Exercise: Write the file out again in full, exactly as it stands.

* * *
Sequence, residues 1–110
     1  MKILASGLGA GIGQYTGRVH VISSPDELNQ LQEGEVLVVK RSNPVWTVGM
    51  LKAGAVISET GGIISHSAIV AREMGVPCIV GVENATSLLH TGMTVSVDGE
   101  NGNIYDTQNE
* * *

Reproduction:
Sequence, residues 1–110
     1  MKILASGLGA GIGQYTGRVH VISSPDELNQ LQEGEVLVVK RSNPVWTVGM
    51  LKAGAVISET GGIISHSAIV AREMGVPCIV GVENATSLLH TGMTVSVDGE
   101  NGNIYDTQNE